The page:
This contrast makes Colonial half devoid of meaningful choices, despite the high diversity of actions, and the potential for being a highbrow diplomatic game. It makes for a bittersweet experience, and not something to bring out to the table very often.

As far as the Second Edition goes, I would only play it with theme geeks, and even then I would make sure to explain the shortcomings, as to avoid frustration and eventual disappointment.

Colonial - game end snapshot


The tweak

However, the game’s premise has intrigued me ever since I discovered it, some six years ago. Already being a fan of Endeavor, I wanted something less abstracted, and Colonial seemed to be the perfect fit. I was well aware of the shortcomings of both, the first and second editions, but I always felt that the whole package had the potential to resemble an above than average title.

The aspect that bothered me most was not the first edition’s Privateers, nor the specific options for colony establishment, but, as you might expect, the frigging dice-based exploration system versus everything else! This is also the reason why for a long time I resorted to staring at the beautiful board, but not daring to play it.

All of this changed after checking out a variant that I found on BoardGameGeek. This rule modification turns exploration on its head. The creator (username: Gubban) proposes that instead of rolling ten dice to meet a threshold, you should pay Treasury to match it. Then, instead of getting a Prestige, you would gain an Exploration Token, which is but a stepping stone to Prestige.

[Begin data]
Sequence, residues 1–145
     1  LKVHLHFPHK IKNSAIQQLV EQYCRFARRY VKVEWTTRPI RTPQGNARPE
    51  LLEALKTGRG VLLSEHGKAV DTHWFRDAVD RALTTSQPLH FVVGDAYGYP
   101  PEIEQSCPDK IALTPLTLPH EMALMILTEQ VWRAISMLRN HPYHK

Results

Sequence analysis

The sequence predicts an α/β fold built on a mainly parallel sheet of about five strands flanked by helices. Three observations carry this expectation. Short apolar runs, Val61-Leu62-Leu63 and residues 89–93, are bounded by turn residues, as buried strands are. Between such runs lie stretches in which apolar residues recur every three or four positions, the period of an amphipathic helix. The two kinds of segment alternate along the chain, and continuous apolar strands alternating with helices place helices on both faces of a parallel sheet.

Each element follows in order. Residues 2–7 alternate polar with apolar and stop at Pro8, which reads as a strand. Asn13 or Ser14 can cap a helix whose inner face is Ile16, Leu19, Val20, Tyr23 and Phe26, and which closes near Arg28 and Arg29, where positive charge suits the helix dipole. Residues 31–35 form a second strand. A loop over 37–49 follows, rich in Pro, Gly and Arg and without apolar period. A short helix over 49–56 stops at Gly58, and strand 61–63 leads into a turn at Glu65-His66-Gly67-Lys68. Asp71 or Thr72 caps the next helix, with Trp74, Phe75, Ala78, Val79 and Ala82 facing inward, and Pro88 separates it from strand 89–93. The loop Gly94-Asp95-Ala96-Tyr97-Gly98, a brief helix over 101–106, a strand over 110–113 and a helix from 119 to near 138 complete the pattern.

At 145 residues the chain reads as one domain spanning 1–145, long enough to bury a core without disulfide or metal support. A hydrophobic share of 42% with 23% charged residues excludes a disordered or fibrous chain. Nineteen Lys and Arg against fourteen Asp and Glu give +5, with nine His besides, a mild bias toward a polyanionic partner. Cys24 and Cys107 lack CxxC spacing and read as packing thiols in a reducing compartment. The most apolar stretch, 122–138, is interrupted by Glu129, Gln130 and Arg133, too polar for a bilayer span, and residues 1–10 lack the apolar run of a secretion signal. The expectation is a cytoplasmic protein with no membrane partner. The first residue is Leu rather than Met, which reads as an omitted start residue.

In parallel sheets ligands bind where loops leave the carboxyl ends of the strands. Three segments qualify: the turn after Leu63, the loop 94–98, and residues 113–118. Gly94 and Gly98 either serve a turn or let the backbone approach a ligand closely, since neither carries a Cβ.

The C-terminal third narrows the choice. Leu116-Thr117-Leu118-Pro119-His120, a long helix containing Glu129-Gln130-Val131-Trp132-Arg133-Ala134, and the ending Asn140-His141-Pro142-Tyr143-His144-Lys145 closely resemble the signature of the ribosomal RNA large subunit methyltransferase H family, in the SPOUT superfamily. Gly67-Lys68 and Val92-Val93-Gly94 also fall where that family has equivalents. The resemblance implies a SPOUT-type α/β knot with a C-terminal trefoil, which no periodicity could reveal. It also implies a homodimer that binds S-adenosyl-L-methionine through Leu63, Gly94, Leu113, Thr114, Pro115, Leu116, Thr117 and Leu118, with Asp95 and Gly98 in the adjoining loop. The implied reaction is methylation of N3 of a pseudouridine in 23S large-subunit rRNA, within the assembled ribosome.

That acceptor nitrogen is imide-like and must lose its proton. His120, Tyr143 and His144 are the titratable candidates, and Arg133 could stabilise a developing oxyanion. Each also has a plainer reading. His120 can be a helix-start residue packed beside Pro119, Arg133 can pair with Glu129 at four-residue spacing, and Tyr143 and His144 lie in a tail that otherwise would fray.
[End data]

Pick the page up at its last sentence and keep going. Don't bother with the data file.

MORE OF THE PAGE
Now, Gubban’s original concept resembles a race on each continent to gain the lead in tokens, but that idea includes gaining temporary Prestige points, which, unfortunately, doesn’t gel with how wars work in Colonial.

So I decided to simplify it by removing the majority aspect and making all exploration tokens count as one-fifth of a Prestige Point. Then, after some testing with friends, we concluded that we should also lower the victory condition to six points (instead of ten), to maintain a decent game length, while still experiencing a balanced play of exploration and colonization.

I’m telling you, with six players, we saw early incursions in Africa, early colonies established in India and China, and a proper delayed discovery of America. In a sentence, this modified variant makes Colonial (2nd Ed.) worthy of being one of the best games about the colonial era out there. I now have the confidence to bring it out at any medium-heavy game night.

As I’m writing this, Colonial 2nd Edition is on clearance on GMT’s website. If you’re up for an elegant historical game of diplomacy and economics during the halcyon of discovery, then give Colonial a try. And don’t forget to look for this variant!

Out of the box, Colonial might be considered a broken game. Don't fret though. With some rule modifications, it can become the game you've always dreamed of... sort of.
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u - 8
i - 7
o - 8
p - 9
e - 10